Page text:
While few of us who garden in the Midwest look forward to cold weather, we do welcome the autumn palette, especially when it announces itself gradually, very gradually. Change is good, we say, as we bid farewell to lavender, frothy pink, cerise, and soft yellow, and discover the hearty pleasures of pumpkin, mustard, eggplant, and olive (we’re speaking of colors, not crops).
Of course, there are exceptions. Before we dismiss all the perennial prom dresses in the garden, there are some fall-blooming plants we will always find room for, even though they sport colors more akin to April than October. Their springlike colors contrast pleasantly with the richer, darkening tones of the landscape, and their delicacy of blossom is quite irresistible.
Autumn windflower, Japanese anemone, and fall-blooming anemone are common names for the many hybrids and cultivars of Anemone hupehensis or Anemone x hybrida, available in garden centers and online catalogs today. There are many choices to ponder and gardeners would do well to think beyond the colors — pink, white, pale purple — or the forms — single, semidouble, or double — and focus on their hardiness and length of bloom as the most important qualities. But how does one unearth this information?
Fortunately for us, the Chicago Botanic Garden has done our homework. The Plant Evaluation Program studied fall-blooming anemones for six years, consolidated their observations and research, and summarized all in Plant Evaluation Notes #25. While they found that some varieties spread quickly, moving from attractive mounds of green foliage to more of a ground cover after merely a few seasons, other varieties struggled, especially when newly planted and subjected to the severe weather the Upper Midwest is famous for. A few “fall bloomers” flowered as early as July, while others continued to wave their pastel flowers well into deep and dark autumn. A thorough reading of the Plant Evaluation Notes will help you select the best plant for your needs — and isn’t that what we gardeners all want?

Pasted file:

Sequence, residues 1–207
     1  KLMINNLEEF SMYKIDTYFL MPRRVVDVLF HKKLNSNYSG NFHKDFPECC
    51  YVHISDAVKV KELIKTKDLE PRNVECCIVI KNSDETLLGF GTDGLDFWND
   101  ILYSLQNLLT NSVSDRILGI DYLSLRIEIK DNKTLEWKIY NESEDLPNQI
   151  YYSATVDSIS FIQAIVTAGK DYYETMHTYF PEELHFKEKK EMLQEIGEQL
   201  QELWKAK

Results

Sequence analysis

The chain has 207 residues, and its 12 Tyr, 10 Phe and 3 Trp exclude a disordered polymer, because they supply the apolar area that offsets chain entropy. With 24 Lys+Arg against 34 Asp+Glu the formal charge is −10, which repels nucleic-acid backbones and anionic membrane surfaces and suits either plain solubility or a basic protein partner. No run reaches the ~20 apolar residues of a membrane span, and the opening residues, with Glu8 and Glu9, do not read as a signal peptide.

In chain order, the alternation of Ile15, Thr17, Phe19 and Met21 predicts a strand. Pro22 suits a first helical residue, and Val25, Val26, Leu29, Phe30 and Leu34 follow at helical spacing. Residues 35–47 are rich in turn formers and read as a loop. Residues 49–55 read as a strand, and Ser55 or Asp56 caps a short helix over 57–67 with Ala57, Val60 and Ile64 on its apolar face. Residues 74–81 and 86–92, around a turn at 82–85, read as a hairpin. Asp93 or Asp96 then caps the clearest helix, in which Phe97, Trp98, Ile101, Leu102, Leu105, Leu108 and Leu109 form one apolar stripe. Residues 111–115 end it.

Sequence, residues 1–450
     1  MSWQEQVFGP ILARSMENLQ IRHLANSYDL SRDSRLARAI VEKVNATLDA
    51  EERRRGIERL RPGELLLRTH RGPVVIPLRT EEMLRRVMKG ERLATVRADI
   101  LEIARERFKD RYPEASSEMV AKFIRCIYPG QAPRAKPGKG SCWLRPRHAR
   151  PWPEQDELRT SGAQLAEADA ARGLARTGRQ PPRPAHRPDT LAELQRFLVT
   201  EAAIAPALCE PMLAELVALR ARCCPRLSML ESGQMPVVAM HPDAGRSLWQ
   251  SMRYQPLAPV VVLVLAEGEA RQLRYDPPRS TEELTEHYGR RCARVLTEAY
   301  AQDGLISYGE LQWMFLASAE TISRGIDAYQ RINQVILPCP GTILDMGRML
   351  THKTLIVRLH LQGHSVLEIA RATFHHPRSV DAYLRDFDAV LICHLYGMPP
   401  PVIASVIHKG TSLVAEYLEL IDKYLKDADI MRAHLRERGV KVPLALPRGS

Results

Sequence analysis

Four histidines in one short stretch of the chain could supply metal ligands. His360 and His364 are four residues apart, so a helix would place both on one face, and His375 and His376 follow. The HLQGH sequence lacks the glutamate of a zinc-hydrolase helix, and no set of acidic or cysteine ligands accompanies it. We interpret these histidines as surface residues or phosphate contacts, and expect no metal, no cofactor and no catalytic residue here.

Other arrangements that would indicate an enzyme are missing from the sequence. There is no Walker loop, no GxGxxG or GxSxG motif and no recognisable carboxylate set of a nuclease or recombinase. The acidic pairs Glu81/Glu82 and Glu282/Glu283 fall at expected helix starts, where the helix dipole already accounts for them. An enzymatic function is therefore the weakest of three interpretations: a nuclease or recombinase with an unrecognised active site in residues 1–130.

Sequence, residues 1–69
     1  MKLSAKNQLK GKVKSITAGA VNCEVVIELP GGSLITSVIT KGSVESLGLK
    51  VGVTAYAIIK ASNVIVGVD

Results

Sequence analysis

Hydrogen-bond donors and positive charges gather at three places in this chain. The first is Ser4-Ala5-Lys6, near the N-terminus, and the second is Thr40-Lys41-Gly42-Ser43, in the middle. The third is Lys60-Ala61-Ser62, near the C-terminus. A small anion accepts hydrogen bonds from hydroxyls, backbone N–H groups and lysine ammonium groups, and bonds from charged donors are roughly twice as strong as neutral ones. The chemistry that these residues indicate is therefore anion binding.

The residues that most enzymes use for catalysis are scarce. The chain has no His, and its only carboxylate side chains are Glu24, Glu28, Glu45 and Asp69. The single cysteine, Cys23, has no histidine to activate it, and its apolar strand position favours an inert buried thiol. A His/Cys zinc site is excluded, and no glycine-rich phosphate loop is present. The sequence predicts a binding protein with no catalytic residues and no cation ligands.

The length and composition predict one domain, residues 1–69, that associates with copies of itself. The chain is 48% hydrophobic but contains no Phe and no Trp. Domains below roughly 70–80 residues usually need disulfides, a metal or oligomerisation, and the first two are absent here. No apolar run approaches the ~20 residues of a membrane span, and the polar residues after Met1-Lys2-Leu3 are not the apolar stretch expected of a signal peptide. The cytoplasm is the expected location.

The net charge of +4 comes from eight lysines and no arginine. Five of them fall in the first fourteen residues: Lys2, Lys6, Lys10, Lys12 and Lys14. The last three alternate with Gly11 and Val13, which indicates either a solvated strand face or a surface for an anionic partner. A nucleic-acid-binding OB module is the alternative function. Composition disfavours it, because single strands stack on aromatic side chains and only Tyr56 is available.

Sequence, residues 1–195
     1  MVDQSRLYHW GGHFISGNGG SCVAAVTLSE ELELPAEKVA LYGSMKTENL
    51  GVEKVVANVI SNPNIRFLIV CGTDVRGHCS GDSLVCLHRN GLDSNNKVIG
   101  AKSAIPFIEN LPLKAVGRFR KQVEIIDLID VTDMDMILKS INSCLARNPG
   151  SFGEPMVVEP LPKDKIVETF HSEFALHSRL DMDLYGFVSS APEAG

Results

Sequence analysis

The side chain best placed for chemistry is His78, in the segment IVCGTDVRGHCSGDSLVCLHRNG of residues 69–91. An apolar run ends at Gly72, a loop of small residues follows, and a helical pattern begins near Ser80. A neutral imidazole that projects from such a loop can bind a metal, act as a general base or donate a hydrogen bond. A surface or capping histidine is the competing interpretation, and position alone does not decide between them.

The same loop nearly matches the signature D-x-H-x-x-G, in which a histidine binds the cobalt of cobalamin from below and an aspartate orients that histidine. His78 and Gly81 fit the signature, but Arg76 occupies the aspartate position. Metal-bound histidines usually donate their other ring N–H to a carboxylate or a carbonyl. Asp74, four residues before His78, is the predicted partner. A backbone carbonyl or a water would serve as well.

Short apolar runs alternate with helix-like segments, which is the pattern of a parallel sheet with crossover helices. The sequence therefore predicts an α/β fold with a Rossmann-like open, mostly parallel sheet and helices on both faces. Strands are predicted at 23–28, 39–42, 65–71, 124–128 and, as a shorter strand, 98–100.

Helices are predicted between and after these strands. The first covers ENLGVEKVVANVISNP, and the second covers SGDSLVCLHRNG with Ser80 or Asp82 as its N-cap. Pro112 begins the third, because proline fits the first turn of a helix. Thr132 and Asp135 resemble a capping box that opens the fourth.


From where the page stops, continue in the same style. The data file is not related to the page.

One of the most appealing features of fall-blooming anemones is the foliage — that glossy, green grapelike mass that appears verdant and attractive quite early in the season, in spite of the fact that these anemones won’t bud up for months to come! How many late-blooming plants give gardeners such a gift — mounds of emerald leaves to accompany everything else that’s happening in the spring, early summer, and late-summer garden?
This foliage remains relatively healthy and free from insect or disease problems. What might mar the edges of the leaves are poor drainage or scorch. This past summer was quite a challenge for gardeners. Many of us experienced periodic flooding in parts of the backyard, as well as blazing heat, especially in late afternoon. Both conditions ratted up the leaves of my anemones, and in some cases the plants actually drowned. But these were newly planted and the weather was horrible, so I’m forgiving them.
They do tolerate partial shade but not poor drainage, whether in summer or winter, so site your plants carefully. Their bare, round stems are often compared to waving wands with glistening flowers sitting atop — a habit that makes an ideal front-of-the-border, see-through plant (be sure to select the nonflopping cultivars for this purpose). Depending the cultivar, anemones can grow from about 2 to 4 feet. The longest to bloom topped out at more than 60 days, with some plants still flowering well into November!
There’s little point to growing a plant that blooms so late unless it has worthy comrades to keep it company. The asters, eupatorium, goldenrod, mums, and more would welcome the later-blooming varieties, while those of us who focus on summer plants have a long list of earlier-blooming Japanese anemones to keep us happy.
Enjoy the display of fall-blooming anemones now and in the months to come. Be sure to consult the Plant Evaluation Notes but…spoiler alert…a few of the top performers were Anemone xhybrida ‘Andrea Atkinson’, ‘Max Vogel’, and ‘Serenade’.